Hugh Purcell argues that the increasing popularity and sophistication of television and radio history makes broadcasting the boom medium for learning about the past.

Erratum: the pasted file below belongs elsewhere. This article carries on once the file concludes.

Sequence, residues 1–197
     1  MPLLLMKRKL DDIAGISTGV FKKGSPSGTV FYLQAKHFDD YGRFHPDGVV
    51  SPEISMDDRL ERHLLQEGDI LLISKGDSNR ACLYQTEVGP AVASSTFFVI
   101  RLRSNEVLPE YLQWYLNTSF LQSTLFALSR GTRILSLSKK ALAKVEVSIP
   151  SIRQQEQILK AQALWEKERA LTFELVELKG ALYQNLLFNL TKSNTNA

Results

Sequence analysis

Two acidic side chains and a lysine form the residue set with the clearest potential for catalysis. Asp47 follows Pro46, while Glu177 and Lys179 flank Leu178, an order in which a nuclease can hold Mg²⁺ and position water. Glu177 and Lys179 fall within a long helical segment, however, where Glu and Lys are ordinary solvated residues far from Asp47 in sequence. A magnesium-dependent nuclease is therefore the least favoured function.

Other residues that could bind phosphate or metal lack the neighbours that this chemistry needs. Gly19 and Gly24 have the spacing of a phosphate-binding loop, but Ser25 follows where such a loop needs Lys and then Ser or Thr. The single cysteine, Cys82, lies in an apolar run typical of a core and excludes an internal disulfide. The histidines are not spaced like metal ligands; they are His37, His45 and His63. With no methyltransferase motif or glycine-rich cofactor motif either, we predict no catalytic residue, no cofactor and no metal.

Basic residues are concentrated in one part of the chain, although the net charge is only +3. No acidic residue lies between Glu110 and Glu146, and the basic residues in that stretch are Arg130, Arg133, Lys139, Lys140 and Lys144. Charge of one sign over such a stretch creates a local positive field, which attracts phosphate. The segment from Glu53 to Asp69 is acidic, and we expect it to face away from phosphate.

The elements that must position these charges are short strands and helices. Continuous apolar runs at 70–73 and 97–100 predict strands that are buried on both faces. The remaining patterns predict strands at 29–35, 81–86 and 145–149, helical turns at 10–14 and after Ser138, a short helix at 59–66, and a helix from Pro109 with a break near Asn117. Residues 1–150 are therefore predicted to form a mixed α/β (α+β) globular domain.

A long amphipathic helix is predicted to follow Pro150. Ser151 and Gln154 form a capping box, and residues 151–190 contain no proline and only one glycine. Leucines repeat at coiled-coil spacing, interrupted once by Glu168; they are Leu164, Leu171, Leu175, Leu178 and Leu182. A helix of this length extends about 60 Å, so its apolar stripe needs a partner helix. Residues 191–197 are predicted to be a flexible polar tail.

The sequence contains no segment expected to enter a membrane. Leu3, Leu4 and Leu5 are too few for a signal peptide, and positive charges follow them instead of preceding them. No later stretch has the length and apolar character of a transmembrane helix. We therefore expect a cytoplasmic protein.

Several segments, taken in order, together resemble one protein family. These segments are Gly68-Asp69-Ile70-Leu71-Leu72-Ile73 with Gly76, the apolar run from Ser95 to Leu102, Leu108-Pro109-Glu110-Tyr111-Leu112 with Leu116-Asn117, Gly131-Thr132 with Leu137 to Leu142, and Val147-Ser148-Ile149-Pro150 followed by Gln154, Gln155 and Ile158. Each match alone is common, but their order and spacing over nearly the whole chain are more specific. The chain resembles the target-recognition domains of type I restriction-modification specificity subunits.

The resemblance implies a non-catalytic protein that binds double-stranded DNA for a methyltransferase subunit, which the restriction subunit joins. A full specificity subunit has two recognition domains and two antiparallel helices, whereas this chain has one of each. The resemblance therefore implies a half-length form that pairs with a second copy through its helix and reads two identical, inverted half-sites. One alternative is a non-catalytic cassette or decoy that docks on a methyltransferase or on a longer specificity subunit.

At the beginning of 1999, the History Channel had the simple idea of inviting viewers to send in family photos of historic value. Over 7,000 responded and the best results were shown both on television and in a national exhibition, in over 150 libraries round the country and in a book. In April the same year the BBC broadcast a series on industrial archaeology, Fred Dibnah’s Industrial Britain. Nearly three million people watched it; 20,000 rang for more information, over 80,000 received leaflets and 450,000 hit the specially created website. Two trickles from what is rapidly becoming a torrent. There is, now, a colossal interest in history and this is being stimulated, aroused in many cases, by an unprecedented quantity and quality of history programmes on television and radio.